23/0900Hurricane Warning Issued Eastern Cuba for the Provinces of Camaguey to Sancti Spiritus / Central Bahamas.
Hurricane Watch Issued South Florida from Deerfield Beach southward on the east coast...and from south of Bonita Beach on the west coast including the Florida Keys.
Hurricane Watch Issued Western Cuba for the Provinces of Villa Clara, Cienfuegos and Matanzas/Northwest Bahamas.
23/1500Tropical Storm Warning Issued Jamaica
Hurricane Warning discontinuedDominican Republic
23/2100Tropical Storm Warning Issued Cayman Islands...Cayman Brac and Little Cayman.
24/0600Hurricane Warning discontinued The Southeast Bahamas, the Turks and Caicos Islands.
24/0900Hurricane Warning Issued Northwest Bahamas / South Florida from Deerfield Beach southward on the east coast...and from south of Bonita Beach on the west coast including the Florida Keys.
Hurricane Watch IssuedFlorida east coast north of Deerfield Beach to Stuart... and the Florida west coast north of Bonita Beach to Longboat Key.
Hurricane Warnings discontinuedHaiti
24/1500Tropical Storm Warnings discontinued Cayman Islands...Cayman Brac and Little Cayman.
24/2100Tropical Storm Warning Issued Florida east coast north of Deerfield Beach to Stuart.
25/0300Hurricane Warning Issued Florida west coast north of Bonita Beach to Longboat Key.
Tropical Storm Warning Issued Florida west coast north of Longboat Key to Bayport.
Hurricane Warnings discontinuedCentral Bahamas.
25/0500Hurricane Watch discontinued Florida east coast Deerfield Beach to Stuart.
25/0700Hurricane Warnings discontinued Cuba
Hurricane Watch discontinuedFor Cuba east of Matanzas to Pinar Del Rio.
25/1300 Hurricane Warning changed to a Tropical Storm Warning Florida east coast from north of Florida City to Deerfield Beach.
25/1500Hurricane Watch Issued Gulf Coast from Morgan City Louisiana to St. Marks Florida.
Hurricane Warnings discontinuedNorthwest Bahamas.
25/2100Tropical Storm Warnings discontinued Florida east coast from north of Florida City to Deerfield Beach.
Hurricane Warnings discontinued Florida east coast south of Florida City to Key Largo.
26/0300 Hurricane Warning changed to a Tropical Storm Warning Florida Keys south of Key Largo and Florida west coast south of Bayport.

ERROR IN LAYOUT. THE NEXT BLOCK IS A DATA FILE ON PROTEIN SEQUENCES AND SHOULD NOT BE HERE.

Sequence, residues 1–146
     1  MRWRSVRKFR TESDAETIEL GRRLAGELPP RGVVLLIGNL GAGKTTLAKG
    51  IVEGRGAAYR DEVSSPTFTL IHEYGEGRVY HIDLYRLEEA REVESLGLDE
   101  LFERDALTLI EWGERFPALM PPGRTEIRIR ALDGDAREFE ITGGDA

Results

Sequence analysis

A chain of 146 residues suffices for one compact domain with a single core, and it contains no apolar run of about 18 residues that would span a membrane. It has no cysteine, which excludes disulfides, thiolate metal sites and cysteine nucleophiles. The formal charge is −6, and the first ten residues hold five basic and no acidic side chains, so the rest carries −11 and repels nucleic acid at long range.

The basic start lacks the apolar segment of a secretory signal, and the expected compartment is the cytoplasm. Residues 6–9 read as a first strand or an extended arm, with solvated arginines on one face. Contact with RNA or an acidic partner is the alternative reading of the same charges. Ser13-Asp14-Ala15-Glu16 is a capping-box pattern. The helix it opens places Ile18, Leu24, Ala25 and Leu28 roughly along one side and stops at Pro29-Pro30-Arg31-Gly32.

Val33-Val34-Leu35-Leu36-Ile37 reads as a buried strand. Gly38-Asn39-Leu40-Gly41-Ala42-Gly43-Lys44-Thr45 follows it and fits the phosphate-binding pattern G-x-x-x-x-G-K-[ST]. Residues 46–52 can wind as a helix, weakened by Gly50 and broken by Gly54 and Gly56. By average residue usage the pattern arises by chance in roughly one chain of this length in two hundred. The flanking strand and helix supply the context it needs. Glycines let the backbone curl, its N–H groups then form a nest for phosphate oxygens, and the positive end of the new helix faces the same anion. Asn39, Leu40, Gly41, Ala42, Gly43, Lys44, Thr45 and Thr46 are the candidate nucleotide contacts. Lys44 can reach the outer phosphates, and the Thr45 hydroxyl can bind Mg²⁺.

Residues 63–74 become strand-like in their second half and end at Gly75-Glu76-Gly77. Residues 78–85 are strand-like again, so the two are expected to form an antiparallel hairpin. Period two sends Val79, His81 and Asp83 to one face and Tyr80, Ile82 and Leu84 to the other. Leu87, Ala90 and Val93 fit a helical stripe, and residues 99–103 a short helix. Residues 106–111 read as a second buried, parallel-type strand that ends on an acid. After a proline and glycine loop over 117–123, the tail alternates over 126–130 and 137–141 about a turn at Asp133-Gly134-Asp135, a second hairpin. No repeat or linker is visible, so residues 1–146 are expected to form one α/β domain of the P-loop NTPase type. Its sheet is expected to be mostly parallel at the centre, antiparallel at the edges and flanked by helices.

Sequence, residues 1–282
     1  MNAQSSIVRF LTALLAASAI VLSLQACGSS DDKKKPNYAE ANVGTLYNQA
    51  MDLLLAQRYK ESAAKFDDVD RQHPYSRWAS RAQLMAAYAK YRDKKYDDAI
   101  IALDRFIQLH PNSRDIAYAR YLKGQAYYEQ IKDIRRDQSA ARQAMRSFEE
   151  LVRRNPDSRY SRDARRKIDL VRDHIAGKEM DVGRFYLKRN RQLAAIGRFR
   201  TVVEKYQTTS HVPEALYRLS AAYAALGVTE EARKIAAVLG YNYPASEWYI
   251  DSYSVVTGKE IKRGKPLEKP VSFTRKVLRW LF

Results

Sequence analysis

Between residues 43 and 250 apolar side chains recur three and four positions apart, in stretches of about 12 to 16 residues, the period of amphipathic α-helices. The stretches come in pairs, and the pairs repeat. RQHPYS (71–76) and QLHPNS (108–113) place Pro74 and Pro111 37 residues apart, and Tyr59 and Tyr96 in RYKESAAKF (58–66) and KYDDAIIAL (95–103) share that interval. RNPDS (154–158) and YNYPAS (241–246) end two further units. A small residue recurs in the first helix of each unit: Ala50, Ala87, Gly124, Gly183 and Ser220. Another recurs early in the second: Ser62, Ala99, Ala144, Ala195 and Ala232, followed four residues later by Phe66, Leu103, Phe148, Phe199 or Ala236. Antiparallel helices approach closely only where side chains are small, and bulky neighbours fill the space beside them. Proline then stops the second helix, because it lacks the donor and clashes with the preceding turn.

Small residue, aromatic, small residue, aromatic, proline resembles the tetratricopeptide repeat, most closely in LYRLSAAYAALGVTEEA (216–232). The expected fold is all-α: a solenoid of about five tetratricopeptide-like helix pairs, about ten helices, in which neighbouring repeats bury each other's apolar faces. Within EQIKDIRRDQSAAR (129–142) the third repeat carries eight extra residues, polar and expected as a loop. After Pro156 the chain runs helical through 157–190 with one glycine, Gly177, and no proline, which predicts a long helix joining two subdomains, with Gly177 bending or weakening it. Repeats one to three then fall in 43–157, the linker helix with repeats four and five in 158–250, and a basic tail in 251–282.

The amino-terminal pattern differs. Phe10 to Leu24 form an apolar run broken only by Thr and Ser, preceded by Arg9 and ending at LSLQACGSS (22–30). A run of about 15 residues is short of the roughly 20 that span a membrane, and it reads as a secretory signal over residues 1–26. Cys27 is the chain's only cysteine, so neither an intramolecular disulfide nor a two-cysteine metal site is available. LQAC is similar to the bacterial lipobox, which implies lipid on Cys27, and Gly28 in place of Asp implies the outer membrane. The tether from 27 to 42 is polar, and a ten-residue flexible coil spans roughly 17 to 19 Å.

Hurricane Watch discontinuedFor Cuba east of Matanzas to Pinar Del Rio.
26/0900Tropical Storm Warnings discontinued Florida west coast from Longboat Key to Bayport.
26/1200Tropical Storm Warnings discontinued Florida Keys south of Key Largo and the Florida west coast south of Longboat Key
26/1500Hurricane Warning Issued Morgan City, Louisiana to Panama City, Florida.
Tropical Storm Warning and a Hurricane Watch Panama City, Florida to St. Marks, Florida.
Hurricane WatchMorgan City, Louisiana to Intracoastal City, Louisiana.
27/2100Hurricane Watch discontinued Panama City, Florida to St. Marks, Florida.
28/0300Hurricane Watch discontinued Morgan City, Louisiana to Intracoastal City, Louisiana.
28/1500Hurricane Warning discontinued Destin, Florida to Panama City, Florida.
Tropical storm Warning discontinued Panama City, Florida to St. Marks, Florida.
Hurricane Warning changed to a Tropical Storm Warning Grand Isle, Louisiana to Morgan City, Louisiana.
28/2100 Hurricane Warning changed to a Tropical Storm Warning Grand Isle, Louisiana to Destin, Florida
Tropical Storm Warning discontinued Grand Isle, Louisiana to Morgan City Louisiana.
29/0300Tropical Storm Warning discontinued Grand Isle, Louisiana to the Mouth of the Mississippi River, Louisiana.
29/0900Tropical Storm Warning discontinued Mouth of the Mississippi River to Pascagoula, Mississippi.
29/1500Tropical Storm Warnings discontinued Pascagoula, Mississippi to Destin, Florida.

Jack Beven

Last updated May 1, 1999